Many religious people tend to argue that non-religious, skeptical individuals have as much faith in their beliefs as they do theirs. This, I think, is a misunderstanding around the means that a skeptic incorporates certain beliefs into their belief system. Most of a skeptic's knowledge is accumulated through inductive reasoning. Inductive reasoning is the process of deriving general principles from specific instances or observations. It is uncertain, and only deals in probability as opposed to certainty, but it is nonetheless a powerful tool in acquiring useful, meaningful knowledge. And, to people unfamiliar with it, it appears a bit like faith instead of an application of critical thought.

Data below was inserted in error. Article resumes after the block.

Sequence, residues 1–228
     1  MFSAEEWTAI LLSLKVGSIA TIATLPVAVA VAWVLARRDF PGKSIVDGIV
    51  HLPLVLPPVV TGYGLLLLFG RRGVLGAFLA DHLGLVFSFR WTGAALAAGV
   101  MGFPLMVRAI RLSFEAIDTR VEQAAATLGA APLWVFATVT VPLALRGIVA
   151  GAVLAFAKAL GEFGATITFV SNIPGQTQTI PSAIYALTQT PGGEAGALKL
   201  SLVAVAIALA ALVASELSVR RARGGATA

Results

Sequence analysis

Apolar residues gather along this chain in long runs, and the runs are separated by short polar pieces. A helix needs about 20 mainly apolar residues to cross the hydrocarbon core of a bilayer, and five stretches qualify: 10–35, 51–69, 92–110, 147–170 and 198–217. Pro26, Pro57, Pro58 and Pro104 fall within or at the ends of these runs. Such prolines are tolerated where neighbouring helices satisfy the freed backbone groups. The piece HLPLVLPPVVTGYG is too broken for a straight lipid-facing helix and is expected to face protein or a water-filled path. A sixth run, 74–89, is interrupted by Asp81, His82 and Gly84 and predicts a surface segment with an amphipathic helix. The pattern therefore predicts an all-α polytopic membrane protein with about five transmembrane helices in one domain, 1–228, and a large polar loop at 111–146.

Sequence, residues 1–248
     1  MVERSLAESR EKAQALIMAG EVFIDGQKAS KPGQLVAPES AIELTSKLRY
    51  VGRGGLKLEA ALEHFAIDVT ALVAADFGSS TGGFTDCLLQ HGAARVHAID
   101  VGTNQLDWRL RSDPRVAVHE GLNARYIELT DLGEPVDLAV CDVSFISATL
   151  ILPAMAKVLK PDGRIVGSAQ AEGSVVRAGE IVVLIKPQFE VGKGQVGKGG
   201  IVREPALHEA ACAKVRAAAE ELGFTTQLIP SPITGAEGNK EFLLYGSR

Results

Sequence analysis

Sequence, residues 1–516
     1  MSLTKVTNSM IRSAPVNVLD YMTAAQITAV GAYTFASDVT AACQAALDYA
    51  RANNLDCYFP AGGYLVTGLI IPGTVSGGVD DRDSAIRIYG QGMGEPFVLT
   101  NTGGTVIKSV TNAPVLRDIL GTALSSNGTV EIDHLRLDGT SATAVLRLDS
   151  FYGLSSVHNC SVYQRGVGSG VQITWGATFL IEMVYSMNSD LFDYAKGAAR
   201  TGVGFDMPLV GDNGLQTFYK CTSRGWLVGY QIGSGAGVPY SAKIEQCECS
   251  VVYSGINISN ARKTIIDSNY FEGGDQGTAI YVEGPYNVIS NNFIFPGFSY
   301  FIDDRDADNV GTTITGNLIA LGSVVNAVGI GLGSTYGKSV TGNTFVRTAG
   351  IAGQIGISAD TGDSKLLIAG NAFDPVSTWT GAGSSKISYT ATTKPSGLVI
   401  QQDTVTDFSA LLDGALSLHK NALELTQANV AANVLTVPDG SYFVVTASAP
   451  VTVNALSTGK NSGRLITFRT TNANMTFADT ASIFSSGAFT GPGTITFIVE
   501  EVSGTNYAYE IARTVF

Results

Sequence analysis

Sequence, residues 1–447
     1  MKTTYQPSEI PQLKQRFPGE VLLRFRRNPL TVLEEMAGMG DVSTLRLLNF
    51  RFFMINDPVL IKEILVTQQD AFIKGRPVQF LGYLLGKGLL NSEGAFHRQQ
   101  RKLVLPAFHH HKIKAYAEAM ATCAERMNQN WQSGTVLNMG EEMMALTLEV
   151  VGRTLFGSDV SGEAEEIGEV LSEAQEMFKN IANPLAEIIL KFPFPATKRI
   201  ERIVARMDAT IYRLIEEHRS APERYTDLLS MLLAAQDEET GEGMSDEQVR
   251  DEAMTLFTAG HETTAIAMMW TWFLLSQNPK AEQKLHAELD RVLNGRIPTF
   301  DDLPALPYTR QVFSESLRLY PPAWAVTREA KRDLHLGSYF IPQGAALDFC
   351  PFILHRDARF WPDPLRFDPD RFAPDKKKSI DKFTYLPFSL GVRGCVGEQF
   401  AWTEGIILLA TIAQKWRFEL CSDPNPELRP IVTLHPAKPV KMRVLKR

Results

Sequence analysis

The key difference between inductive reasoning and faith is that inductive reasoning is based upon statistical probabilities when having "faith in something" implies that there is no real reason other than an emotional or 'spiritual' apprehension to believe in it. Take, for instance, the inductive principle "lead sinks in water at STP (standard temperature and pressure)." What this is really saying is, "based upon an extensive amount of past data being consistent and unchanging in confirming the general principle 'lead sinks in water at STP,' it is probable to the highest degree that new observations will continue to confirm this as a generally applicable principle." Since that's quite a mouthful, the short hand version is a bit easier to use in regular conversation. But, as we can see, the long-hand version takes absolutely no faith, just a rather basic understanding of statistical probabilities. Predicting that a specific instance will result in lead floating in water at STP is simply as silly as betting on number 39 when playing roulette (the wheel only goes to 38). The odds are so stacked against it that it is entirely unreasonable to believe it, and thus entirely reasonable to believe the contrary -- that lead will sink, and that the roulette wheel will land on a number ranging from 0-38 (or 00). No faith required.